Arch Hall Jr.
|Arch Hall Jr.|
Arch Hall Jr. in Eegah
December 2, 1943|
Van Nuys, Los Angeles, California, U.S.
|Occupation||Actor, musician, aviator, author|
Arch Hall Jr. (born December 2, 1943) is an American actor, musician, aviator, and author.
Born in Van Nuys, California, Hall began his career as a teen actor and musician, appearing in a number of 1960s films that were all produced by his father, Arch Hall, Sr. Most of Hall Jr.'s films featured his particular musical abilities, a teenager's tenor voice and guitar riffs played with swamp blues inflection. Hall was also the frontman for the rock n' roll combo Arch Hall Jr. and the Archers. The band, formed with high school friend Alan O'Day (who later wrote No. 1 pop hits in the 1970s) played Sunset Strip clubs such as the Whisky a Go Go and Pandora's Box.
For the most part, the films produced by the Halls and their associates, which at one point included cult director Ray Dennis Steckler, are considered B-movies. Hall's roles ranged from dunebuggy-driving teenager to a rock n' roll singing spy in a white dinner jacket. It is perhaps Hall's second movie, Eegah (1962), which has won him the most recognition, due in part to the television show Mystery Science Theater 3000 featuring the movie in a 1993 episode, and the late night comedy horror series Macabre Theater. In The Sadist (1963), Hall portrayed a psychopathic killer based in part on teenage murderer Charles Starkweather.
After appearing in his last film in 1965, Hall became an airline pilot (his father had flown with the Army Air Force during the Second World War). In 1967 he went to work for cargo carrier Flying Tiger Airlines as an apprentice co-pilot on the L-1049H, and eventually became a captain flying the Boeing 747. In 1989, Flying Tiger was purchased by FedEx and Hall flew the DC-10 until he retired in 2003. He later flew for a private company with businesses in the U.S. and Japan.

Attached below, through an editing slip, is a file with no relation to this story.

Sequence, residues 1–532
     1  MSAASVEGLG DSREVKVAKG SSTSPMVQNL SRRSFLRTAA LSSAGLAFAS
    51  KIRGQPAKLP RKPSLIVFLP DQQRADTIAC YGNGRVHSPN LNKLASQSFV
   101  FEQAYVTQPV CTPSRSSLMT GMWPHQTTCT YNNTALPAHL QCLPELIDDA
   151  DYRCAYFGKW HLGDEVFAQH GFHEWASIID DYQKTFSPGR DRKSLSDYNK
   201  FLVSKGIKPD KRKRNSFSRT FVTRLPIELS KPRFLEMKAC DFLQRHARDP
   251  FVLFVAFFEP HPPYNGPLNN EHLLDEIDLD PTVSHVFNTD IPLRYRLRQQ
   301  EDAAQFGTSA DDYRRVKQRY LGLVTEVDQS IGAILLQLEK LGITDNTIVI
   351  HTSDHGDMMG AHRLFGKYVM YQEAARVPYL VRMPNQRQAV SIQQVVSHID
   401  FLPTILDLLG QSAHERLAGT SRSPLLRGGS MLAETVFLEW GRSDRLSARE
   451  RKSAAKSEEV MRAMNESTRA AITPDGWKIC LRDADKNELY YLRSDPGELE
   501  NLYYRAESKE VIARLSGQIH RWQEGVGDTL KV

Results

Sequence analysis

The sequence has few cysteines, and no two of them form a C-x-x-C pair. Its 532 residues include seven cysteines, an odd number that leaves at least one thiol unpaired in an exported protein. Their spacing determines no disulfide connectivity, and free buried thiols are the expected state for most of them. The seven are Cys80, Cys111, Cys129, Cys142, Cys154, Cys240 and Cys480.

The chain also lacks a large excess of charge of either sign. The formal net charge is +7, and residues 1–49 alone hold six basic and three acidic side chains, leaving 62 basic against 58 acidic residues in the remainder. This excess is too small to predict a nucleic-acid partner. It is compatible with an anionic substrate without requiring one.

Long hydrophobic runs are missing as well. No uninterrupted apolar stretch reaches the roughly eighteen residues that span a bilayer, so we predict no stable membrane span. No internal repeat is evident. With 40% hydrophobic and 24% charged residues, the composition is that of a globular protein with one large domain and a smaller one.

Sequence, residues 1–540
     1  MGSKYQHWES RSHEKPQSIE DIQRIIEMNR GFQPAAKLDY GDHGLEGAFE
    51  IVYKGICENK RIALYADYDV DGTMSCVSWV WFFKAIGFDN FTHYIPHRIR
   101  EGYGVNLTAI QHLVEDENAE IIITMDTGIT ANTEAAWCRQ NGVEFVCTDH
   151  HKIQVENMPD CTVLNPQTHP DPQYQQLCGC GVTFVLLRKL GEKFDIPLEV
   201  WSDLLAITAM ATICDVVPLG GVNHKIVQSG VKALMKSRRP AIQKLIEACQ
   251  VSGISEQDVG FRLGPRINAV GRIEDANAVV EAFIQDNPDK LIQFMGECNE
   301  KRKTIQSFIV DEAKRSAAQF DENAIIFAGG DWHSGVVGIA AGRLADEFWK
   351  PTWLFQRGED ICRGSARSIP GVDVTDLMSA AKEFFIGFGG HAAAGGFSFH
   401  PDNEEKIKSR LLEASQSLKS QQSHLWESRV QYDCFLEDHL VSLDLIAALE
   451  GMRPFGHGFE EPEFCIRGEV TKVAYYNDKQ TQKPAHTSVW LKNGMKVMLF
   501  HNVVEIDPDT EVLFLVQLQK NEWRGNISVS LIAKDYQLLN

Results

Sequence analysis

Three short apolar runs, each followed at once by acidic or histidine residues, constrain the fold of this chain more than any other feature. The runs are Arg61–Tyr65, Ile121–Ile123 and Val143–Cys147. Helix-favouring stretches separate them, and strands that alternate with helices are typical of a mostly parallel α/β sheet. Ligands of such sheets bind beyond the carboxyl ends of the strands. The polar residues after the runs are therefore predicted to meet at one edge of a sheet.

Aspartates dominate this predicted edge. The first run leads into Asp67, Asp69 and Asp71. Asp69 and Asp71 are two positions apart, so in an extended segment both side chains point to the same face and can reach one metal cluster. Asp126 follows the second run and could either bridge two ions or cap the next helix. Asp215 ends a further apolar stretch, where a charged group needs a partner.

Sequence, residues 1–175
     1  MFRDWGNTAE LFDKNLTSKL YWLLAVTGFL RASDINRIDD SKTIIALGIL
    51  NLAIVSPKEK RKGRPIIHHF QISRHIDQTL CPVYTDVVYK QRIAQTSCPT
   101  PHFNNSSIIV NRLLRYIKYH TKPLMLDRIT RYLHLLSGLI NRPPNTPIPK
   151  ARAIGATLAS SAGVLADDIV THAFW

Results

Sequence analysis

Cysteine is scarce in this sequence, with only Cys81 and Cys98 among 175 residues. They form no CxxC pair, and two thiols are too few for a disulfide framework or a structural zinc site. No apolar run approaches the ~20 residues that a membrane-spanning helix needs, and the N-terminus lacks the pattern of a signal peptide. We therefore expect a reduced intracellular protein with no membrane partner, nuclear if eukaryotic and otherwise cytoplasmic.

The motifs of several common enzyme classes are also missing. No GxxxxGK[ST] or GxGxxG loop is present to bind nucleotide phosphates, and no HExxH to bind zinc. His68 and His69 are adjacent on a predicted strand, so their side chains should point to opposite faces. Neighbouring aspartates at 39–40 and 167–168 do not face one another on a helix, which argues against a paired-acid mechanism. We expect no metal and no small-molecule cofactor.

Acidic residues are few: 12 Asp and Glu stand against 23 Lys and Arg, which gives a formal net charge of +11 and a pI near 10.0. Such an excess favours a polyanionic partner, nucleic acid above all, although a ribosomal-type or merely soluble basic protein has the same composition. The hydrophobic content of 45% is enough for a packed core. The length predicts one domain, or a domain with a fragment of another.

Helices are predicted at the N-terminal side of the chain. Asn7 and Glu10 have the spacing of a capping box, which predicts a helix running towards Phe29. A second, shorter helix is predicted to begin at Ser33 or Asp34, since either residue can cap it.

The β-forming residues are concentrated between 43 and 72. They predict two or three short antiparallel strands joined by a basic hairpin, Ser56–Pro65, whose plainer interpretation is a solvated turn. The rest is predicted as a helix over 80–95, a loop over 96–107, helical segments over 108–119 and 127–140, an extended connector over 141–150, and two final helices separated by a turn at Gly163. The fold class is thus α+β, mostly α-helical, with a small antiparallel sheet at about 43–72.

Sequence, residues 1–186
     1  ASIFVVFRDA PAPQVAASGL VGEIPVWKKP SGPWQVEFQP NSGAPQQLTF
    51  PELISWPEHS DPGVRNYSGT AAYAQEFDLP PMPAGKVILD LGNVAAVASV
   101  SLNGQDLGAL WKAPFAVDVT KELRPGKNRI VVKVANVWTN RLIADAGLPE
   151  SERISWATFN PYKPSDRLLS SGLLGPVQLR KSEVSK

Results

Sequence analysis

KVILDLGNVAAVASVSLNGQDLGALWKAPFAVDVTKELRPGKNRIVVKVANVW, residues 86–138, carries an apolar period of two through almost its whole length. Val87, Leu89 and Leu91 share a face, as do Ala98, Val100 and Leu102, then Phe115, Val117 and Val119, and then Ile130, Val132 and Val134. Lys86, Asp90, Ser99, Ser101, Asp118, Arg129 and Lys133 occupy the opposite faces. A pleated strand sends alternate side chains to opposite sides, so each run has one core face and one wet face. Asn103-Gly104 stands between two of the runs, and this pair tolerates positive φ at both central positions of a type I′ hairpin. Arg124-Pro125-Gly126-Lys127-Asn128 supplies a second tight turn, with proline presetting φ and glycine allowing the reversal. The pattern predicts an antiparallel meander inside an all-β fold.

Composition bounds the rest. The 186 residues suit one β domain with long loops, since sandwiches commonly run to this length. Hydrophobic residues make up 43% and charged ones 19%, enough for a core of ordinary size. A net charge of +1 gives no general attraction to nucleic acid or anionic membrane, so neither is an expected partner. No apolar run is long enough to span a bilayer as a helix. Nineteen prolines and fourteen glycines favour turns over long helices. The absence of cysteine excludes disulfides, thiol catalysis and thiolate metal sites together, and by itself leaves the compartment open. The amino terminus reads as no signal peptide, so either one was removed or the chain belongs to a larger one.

Hall wrote the novel Apsara Jet, which was published in 2001 under the pen name Nicolas Merriweather (a name often used by his father). The book draws on Hall's knowledge of both commercial airlines and South East Asia in telling the story of a Vietnam War vet who gets involved in the illegal drug trade.
A career-spanning 51-page interview with Hall appears in the book "Earth vs. the Sci-Fi Filmmakers" (McFarland & Co., 2005) by Tom Weaver. Hall's anthology, Wild Guitar, was released on Norton Records. The anthology, with liner notes and biography, collects the original '60s output of Arch Hall Jr. and the Archers, much of which was unreleased at the time.
|1961||The Choppers||Jack "Cruiser" Bryan|
Alternative title: Tickled Pink
|Wild Guitar||Bud Eagle|
|1963||The Sadist||Charles A. "Charlie" Tibbs||Alternative titles: Profile of Terror|
Sweet Baby Charlie
|1964||The Nasty Rabbit||Britt Hunter||Alternative title: Spies-a-Go-Go|
|1965||Deadwood '76||Billy May||Writer (uncredited)|
- (2005) Wild Guitar — recording as Arch Hall Jr. and the Archers
- (1959) Monkey in My Hat Band / Konga Joe — recording as Arch Hall Jr.
- (2001) Apsara Jet — ISBN 0-9708862-0-9; writing as Nicolas Merriweather